Professor Travels to China to Research Music and Narrative
Have you ever listened to a piece of music and had the sense that you were hearing a story unfold? Some melodies, especially when they incorporate dramatic shifts in dynamics or rhythm, can give listeners the sense of a narrative in the music.
Elizabeth Margulis, a professor of music at the University of Arkansas, wondered how much these narratives are influenced by the listener’s culture. She is currently working with Patrick Wong of the City University of Hong Kong on a three year project, funded by the National Science Foundation. They are studying the relationship of music and narratives in Fayetteville, Arkansas and a small village in the Guizhou region of China. She and her research team made their first trip to Guizhou in June.
Guizhou is located in southern China and is one of the most diverse provinces in the country. The researchers focused on a small village with a population of several hundred people, who are members of the Dong ethnic minority. “The first version of the project was going to take place in Wong’s lab,” Margulis explained, “but we realized that globalization means there might be a lot of overlap in the media experiences of people in Arkansas and in Hong Kong.” The Dong, she explained, have a rich and unique musical tradition, and live in a relatively remote part of the country, which makes them well-suited to help the researchers study cultural differences related to music.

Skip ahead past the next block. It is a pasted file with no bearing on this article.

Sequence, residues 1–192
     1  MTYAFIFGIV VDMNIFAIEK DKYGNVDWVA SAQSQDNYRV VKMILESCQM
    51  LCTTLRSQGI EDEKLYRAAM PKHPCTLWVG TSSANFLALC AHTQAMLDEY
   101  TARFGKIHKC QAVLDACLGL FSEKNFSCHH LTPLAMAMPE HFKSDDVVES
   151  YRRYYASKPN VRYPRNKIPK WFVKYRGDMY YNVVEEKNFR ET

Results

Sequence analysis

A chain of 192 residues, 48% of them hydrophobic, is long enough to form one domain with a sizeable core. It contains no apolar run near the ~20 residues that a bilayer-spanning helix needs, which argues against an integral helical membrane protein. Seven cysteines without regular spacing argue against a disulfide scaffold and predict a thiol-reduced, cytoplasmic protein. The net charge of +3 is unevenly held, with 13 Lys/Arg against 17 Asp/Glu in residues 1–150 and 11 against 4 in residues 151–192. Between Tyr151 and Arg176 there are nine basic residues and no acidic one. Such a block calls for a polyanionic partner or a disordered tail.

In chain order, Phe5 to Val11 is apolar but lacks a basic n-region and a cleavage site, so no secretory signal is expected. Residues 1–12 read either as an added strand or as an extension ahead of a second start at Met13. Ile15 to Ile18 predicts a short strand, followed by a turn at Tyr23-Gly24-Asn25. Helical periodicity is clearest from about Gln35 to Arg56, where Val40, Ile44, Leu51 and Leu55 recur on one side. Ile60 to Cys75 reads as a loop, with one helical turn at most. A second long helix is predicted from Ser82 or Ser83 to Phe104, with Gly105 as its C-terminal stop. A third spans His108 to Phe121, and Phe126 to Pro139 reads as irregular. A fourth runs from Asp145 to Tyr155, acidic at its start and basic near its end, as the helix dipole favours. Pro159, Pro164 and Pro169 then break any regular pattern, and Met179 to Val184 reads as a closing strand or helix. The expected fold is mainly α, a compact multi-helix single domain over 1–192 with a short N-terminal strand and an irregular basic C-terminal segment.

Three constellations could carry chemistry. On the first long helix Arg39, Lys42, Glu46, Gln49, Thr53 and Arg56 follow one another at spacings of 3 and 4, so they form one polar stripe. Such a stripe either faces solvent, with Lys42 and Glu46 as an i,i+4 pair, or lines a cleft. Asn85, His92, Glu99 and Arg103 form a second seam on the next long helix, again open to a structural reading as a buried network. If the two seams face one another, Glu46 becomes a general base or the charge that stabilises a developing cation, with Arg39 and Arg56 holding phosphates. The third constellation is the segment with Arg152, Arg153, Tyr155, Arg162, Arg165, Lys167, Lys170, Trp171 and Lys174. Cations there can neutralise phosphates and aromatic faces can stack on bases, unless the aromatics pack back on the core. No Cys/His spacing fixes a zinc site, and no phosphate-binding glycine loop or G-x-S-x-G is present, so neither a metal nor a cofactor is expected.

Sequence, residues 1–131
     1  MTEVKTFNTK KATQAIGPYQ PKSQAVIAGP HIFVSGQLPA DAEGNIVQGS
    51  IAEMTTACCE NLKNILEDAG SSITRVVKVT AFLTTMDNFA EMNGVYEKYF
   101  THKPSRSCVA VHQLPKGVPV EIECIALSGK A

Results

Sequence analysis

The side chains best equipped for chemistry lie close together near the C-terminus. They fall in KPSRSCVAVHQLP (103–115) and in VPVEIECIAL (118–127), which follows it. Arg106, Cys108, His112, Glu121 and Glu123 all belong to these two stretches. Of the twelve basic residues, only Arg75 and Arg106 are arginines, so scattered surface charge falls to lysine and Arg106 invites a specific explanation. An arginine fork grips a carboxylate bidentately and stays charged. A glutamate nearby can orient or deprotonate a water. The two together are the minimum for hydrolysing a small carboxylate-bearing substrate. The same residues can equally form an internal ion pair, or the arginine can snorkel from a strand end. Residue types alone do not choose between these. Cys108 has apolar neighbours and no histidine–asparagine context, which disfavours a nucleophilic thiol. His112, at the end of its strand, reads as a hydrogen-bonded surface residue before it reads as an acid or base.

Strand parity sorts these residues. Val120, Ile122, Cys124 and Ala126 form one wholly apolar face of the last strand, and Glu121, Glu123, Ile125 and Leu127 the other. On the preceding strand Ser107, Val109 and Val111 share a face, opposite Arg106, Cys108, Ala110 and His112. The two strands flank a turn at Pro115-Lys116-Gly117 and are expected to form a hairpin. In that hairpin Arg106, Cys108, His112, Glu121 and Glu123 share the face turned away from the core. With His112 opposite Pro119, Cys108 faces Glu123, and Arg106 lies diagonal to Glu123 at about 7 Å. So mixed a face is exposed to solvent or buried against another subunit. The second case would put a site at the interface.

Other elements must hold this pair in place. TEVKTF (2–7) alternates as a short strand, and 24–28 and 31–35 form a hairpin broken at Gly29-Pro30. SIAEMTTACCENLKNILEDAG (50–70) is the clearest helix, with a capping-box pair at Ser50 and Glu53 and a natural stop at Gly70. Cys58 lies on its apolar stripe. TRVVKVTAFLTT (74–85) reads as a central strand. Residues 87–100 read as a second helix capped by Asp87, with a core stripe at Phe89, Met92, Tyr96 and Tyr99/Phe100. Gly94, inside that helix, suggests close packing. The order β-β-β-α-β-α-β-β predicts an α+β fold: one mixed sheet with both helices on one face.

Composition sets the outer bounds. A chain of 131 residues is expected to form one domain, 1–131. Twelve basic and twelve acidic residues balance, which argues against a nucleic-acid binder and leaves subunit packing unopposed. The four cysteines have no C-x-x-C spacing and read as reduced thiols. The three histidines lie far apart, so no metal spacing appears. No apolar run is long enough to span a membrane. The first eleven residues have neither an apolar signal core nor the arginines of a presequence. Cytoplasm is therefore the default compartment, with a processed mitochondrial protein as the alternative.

The team was made up of Margulis, Wong, six research assistants and three translators. One part of the research involved playing clips of music for the participants and asked them what came to mind while they were listening. “It was a really cool experience for the research assistants,” Margulis said. “They heard some amazing stories.” Natalie Phillips of Michigan State University, a collaborator on the project, will use text analytics to identify patterns in the responses. Researchers also asked more specific questions, such as how much they enjoyed the music and how familiar it sounded to them.
On this trip, the researchers were collecting what Margulis called “norming data.” They wanted to get a sense of what musical clips would work best for the rest of their three-year project. The researchers’ goal for this part of the study was to collect sets of musical clips that vary by only one of the categories they are studying. For example, if they want to study the amount of contrast in the music, they have to make sure that the clips don’t also vary in familiarity and enjoyability.
Communicating with the villagers involved translating three different languages. “The translators spoke Mandarin and Dong,” Margulis said, “and people on the team spoke Mandarin and English. We had to translate everything from English to Mandarin to Dong, then back.” One member of their party was especially helpful when it came to communication: Margulis’ son Nikolai, who has been studying Mandarin, was able to talk to the children in the village. Unlike the older villagers, many of the children could speak both Dong and Mandarin.
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On a couple of nights, the researchers were invited to join a performance of the villagers’ traditional songs. Margulis explained that being able to share this experience with the villagers allowed the two groups of people to relate to each other in a new way. “The singing traditions in the village are absolutely stunning. It changed the way we interacted during the day to have shared these extraordinary experiences at night.”
As an outsider in the Dong village, Margulis was struck by what she calls its “soundscape.”
“There would be these scooters that would come through with a cooler strapped on the back,” she said. “And speaker on the back saying ‘you can buy buns.’ There were water buffalo and donkeys walking through town. There was a rhythm to people going to the fields and coming back. The people were so lovely, and the villages were extraordinarily beautiful.”